Rep. Steve Stockman Tried to Abolish Civil Asset Forfeiture on His Way Out
Congressman Steve Stockman has basically, essentially, technically left the building as far as actually being a member of the U.S. Congress. Sure, there's still a sort of hangover effect until January rolls around and Congress actually goes back into session, but either way Stockman is heading home to Texas and staying here, at least for the foreseeable, assumable future.
This fun fact makes one of his last acts as a member of the 2014 Congress downright charming, as if a dog had suddenly noticed that people were annoyed by all the eating of slippers and stood up on its hind legs and started tap dancing like Fred Astaire. In Stockman's case the congressman actually went and filed a bit of legislation that actually makes some sense.
Congress has already been let out for the holidays, but before all the politicians scampered away Stockman filed House Resolution 5847. The resolution, if it had gained any traction, would have abolished civil asset forfeiture, the legal process that allows police to take assets from people suspected of a crime or general illegal activity (i.e. you, if the police have decided you might not be up to entirely legal things). The catch being, the police don't necessarily have to charge and convict the owners of said stuff to seize the property, which is why a lot of people aren't fans this particular (and somehow legal) tactic.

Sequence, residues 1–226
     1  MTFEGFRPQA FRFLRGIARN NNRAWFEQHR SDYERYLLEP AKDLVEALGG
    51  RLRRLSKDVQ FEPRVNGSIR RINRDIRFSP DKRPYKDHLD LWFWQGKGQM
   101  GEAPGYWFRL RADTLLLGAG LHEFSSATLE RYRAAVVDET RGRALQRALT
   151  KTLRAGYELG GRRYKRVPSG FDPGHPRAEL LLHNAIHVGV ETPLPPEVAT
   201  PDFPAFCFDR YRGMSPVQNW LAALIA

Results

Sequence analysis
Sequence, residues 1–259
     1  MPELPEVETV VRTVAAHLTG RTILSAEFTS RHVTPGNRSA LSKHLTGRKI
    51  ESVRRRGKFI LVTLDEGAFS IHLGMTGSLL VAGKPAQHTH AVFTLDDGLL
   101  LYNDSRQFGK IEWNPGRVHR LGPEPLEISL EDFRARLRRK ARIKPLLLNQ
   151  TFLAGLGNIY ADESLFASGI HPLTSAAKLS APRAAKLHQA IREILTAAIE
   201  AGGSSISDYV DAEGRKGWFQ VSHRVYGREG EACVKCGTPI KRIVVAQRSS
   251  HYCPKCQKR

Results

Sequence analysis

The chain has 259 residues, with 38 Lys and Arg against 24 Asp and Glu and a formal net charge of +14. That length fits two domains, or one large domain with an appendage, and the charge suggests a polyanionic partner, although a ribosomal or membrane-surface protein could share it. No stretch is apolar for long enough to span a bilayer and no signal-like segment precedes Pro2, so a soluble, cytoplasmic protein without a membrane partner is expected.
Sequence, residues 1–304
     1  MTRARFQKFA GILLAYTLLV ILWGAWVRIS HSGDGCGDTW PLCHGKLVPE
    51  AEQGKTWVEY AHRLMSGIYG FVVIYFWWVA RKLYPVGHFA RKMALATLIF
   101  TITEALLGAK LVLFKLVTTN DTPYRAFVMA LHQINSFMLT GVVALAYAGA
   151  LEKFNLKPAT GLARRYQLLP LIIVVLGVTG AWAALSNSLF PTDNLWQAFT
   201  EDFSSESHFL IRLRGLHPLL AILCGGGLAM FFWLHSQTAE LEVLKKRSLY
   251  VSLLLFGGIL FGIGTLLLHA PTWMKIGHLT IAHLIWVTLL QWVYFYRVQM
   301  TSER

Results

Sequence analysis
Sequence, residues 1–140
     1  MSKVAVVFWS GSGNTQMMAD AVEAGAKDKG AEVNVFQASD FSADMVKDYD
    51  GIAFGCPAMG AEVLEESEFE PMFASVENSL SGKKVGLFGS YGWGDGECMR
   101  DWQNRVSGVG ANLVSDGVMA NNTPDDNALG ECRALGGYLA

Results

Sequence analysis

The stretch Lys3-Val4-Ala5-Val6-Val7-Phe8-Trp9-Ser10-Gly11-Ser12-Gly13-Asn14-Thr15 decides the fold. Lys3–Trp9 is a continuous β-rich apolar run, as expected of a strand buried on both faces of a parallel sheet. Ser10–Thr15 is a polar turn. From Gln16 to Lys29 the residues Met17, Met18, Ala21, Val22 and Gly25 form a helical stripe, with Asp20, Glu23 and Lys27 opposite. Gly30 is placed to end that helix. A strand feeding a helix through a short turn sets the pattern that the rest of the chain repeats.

Stockman's resolution proposed to abolish civil asset forfeitures by restoring the Fifth Amendment, the one about the right to not be deprived of property without the due process of law. Specifically the change would have made it so no property could be seized under civil forfeiture law. Plus, federal agencies would have been banned from participating or benefiting from any civil asset forfeitures carried out by state or local agencies. But don't think this would have cut off all property seizing. Law enforcement would still have been allowed to take the property belonging to those actually convicted of a criminal offense and contraband would have stayed totally within their seizing powers.
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However, Stockman's proposal wasn't really something law enforcement needed to worry about. The law was introduced on Dec. 10 and kicked over to the House Judiciary Committee. Then HR 5847 basically stayed right there and died in committee. Things were kind of hectic around Capitol Hill after all, what with all the hubbub as the bulk of Congress scrambled to cobble together a budget deal and prevent another government shutdown. They managed to that and avoid shutdown, and the 113th Congress (aka the Congress that was one of the least productive in history) wrapped things up and everybody went home.
Stockman made a run at unseating Sen. John Cornyn for the Republican nomination a while back. After that didn't work out, Stockman declined to run for reelection in the 36th District. Thus, this filing was really one of Stockman's last attempts at actually doing something while still in the political arena. And we have to say it was an interesting idea and it came from the guy who filed a resolution attempting to repeal the gun-free zones around schools after Sandy Hook back in 2013. We admit we kind of wish he would have tried to name part of HR 5847 after himself -- the way he did with that climate denial theory -- but we'll learn to live with disappointment.
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